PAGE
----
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The exoskeleton is not entirely passive. A small amount of energy is required to control the dampers’ variability. (The dampers contain a fluid with tiny magnetic particles. When electricity is applied to the fluid, these particles change its viscosity.) But it is very efficient compared with other such systems. “Our exoskeleton only consumes two watts of electrical power during walking,” says Herr. This is nothing compared with the 3,000 watts consumed by a motorized exoskeleton.

But there is a catch. Tests of the exoskeleton revealed that although it lightens the load for the user, that person consumes 10 percent more oxygen than if he or she had simply carried the load without mechanical assistance. This higher metabolic rate is attributed to the fact that the device interferes with the natural gait of the walker. “Walking with the exoskeleton takes more energy than walking without,” says Michael Goldfarb, director of the Center for Intelligent Mechatronics at Vanderbilt University, in Nashville, TN.

Even so, it is a good effort, says Goldfarb. “I’m not aware of any exoskeleton–active or passive–that has been shown to effectively decrease metabolic energy expenditure,” he says. And even if more energy is burned, the exoskeleton still reduces the stress on the wearer’s back and legs.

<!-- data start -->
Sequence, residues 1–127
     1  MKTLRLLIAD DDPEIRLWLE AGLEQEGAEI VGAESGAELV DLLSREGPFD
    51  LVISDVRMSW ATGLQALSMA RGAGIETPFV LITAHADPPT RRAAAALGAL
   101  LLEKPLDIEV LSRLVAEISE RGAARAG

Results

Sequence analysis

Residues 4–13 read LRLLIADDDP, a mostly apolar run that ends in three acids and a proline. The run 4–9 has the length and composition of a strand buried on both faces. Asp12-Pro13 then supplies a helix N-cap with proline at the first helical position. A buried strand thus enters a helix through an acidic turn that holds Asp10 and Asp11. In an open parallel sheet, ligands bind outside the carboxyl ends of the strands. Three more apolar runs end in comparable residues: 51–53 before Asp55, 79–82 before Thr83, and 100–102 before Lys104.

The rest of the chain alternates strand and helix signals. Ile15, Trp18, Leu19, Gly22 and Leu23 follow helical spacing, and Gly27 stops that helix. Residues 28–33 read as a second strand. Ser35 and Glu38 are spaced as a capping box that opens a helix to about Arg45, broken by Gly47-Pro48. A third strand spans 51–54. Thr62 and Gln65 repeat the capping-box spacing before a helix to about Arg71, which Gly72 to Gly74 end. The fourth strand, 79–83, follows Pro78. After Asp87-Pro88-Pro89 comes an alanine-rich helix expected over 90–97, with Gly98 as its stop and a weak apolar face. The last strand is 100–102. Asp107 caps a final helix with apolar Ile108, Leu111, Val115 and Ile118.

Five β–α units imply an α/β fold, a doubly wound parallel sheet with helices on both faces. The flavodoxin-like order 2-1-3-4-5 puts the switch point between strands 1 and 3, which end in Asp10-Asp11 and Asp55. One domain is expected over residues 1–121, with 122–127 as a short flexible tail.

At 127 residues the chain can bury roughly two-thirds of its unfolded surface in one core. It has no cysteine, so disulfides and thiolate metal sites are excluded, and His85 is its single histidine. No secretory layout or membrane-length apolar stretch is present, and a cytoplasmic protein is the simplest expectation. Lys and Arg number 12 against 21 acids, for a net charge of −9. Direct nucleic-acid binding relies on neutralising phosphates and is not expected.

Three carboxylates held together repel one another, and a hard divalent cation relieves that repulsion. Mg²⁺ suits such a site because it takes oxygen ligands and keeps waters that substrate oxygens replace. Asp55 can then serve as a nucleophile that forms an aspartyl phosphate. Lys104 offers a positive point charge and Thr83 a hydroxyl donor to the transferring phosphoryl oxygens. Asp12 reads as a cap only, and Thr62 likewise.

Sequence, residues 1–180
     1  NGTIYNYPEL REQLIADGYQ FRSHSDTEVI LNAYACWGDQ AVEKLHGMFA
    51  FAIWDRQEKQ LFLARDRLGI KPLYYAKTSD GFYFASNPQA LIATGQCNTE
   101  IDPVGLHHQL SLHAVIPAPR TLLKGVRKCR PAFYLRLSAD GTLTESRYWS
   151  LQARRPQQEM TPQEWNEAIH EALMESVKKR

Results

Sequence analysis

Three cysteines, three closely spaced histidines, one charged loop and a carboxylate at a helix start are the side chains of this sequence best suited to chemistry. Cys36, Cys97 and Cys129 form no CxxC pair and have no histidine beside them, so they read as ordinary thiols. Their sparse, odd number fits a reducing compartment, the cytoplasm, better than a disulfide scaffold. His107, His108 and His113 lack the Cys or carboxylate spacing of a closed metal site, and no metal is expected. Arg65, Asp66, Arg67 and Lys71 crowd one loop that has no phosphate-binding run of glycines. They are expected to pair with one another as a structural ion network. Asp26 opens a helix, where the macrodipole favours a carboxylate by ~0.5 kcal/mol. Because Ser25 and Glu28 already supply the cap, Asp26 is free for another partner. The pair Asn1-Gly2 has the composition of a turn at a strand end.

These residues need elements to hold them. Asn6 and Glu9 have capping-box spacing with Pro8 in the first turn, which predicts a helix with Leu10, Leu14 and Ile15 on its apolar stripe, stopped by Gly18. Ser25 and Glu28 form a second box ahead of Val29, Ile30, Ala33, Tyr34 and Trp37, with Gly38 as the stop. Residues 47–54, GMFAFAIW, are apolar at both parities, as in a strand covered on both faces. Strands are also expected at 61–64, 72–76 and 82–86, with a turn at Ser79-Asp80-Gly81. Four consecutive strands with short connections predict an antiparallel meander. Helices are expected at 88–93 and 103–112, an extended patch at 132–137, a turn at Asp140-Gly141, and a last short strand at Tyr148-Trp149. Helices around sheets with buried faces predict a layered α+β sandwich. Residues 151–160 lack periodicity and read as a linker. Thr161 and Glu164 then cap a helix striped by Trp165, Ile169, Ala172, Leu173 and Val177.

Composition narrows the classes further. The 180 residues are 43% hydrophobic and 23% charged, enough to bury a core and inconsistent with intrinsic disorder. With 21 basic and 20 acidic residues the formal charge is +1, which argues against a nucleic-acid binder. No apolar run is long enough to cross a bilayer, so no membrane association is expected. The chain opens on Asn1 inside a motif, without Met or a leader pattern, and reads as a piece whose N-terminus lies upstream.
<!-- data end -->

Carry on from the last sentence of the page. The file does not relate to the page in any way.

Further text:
The MIT group believes that by carefully selecting and angling the springs, it can reduce the amount of energy that a person needs to walk with the exoskeleton.

It would probably take about two years to commercialize this technology, says Herr. “But we have no plans at this time to move forward with commercialization,” he says.

Goldfarb still believes that there are hurdles to overcome. There are great advantages to using variable dampers and springs, not least that they are much lighter and less power hungry than motors and actuators, he says. But a device that requires less effort and is capable of covering a broad range of terrains, such as uneven surfaces and stairs, must have not just variable dampers but also springs of variable stiffness. This is a taller order, Goldfarb says.

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Credit: Samuel Au

Tagged: Computing, MIT, muscle, kinetic energy, exoskeleton

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